New South African bank to take on Capitec 

Old Mutual’s bank is set to be launched before the end of 2024, following a bank build of around two years. It will target the upper mass market and lower affluent consumers.

This was revealed in the insurer’s annual report for its financial results for its 2023 financial year, where it produced strong results. 

In a media briefing following the release of the company’s results, Old Mutual CEO Iain Williamson provided an update on the company’s plans to launch a bank. 

The South African Reserve Bank’s Prudential Authority approved the company’s application for a banking licence in November 2022. 

The group already has existing lending and transactional solutions – an unsecured lending product and the Old Mutual Money Account – with the latter handled through a partnership with Bidvest Bank.

Old Mutual said that the unsecured lending solution, in particular, is already a strong contributor to group profitability.

“Establishing a bank within the group will allow us to maintain a primary relationship with our customers, driving greater regular interaction with them and enhancing cross-sell opportunities across the group,” the insurer said. 

“It will also enable the group to accept retail deposits, thereby providing a cheaper source of funding.”

Williamson said Old Mutual’s bank completed its section 16 submission to the Prudential Authority at the beginning of 2024 and is now awaiting approval. 

As part of the section 16 submission, the company must have the banking systems and processes independently verified in a working end-to-end scenario.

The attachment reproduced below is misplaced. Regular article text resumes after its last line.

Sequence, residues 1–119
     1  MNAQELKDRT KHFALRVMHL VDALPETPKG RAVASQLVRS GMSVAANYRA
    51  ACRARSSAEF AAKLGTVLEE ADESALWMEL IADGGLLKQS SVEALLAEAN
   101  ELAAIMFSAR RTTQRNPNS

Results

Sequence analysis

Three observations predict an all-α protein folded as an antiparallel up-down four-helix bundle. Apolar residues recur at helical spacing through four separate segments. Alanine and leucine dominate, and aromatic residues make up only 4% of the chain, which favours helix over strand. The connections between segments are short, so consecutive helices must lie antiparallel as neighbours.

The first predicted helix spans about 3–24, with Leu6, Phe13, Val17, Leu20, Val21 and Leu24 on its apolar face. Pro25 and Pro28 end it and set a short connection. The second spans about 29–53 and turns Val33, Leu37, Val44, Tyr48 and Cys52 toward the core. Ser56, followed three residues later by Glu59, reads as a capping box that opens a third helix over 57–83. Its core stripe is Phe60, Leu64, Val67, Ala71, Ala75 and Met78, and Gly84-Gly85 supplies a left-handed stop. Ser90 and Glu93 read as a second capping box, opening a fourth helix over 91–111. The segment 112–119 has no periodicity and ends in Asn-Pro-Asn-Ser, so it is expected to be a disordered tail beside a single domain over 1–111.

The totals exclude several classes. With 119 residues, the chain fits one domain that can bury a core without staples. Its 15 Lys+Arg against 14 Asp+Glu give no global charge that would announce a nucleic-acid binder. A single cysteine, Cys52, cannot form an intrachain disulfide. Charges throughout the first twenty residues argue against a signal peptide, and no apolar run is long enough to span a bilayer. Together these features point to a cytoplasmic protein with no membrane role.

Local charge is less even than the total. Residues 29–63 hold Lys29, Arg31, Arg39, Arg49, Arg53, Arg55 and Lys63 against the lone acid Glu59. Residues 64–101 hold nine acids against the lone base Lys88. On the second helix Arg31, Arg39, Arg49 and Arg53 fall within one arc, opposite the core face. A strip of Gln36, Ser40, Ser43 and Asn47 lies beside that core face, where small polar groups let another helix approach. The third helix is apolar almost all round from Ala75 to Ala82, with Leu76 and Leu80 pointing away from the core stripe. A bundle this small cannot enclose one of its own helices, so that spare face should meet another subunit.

Williamson said the bank build was completed within its initial budget of R1.75 billion at the end of last year. Old Mutual also had an independent audit firm that analysed its systems and processes before seeking regulatory approval. 

The next step for Old Mutual is the section 17 submission, which allows them to notify the industry via the Payments Association of South Africa that we intend to test the National Payments system in the latter half of 2024. 

This integration will take around three months once approval is given. Only after this integration can the bank be tested end-to-end. 

Iain Williamson
Old Mutual CEO, Iain Williamson

The company’s annual report shed more light on which part of the market Old Mutual will be targeting with its bank in South Africa’s highly competitive financial sector. 

It said building a bank is central to its plan to become a fully integrated financial services ecosystem and the primary touchpoint for its clients. 

Old Mutual built the bank from scratch using cloud technology from 10x Banking, allowing it to deliver personalised, cost-effective and flexible solutions to its customers. 

In particular, the insurer is targeting the upper mass market and lower affluent consumers – customers earning between R5 000 and R80 000 per month. 

This has traditionally been Capitec’s stomping ground. It has done exceptionally well in this segment and has grown rapidly to serve over 20 million customers. 

After growing its customer base, Capitec has shifted its focus to offering more financial services such as business banking, insurance, and telecommunications through Capitec Connect. 

Williamson has previously said that the core of the bank’s client base would be mass-market South African consumers rather than middle- to upper-income clients. 

The insurer plans to leverage the 3.1 million customers served by its Mass and Foundation cluster to lure new clients to its new bank offering.

This cluster serves low-income and lower-middle-income individuals, who typically earn between R1,000 and R30,000 per month. 

These customers, which include salaried workers such as police officers, teachers, and nurses, are served via a range of offerings, including life and funeral insurance as well as savings and lending products.

Williamson said the insurer is well aware of how competitive the country’s banking sector is and is going into this venture with its eyes wide open.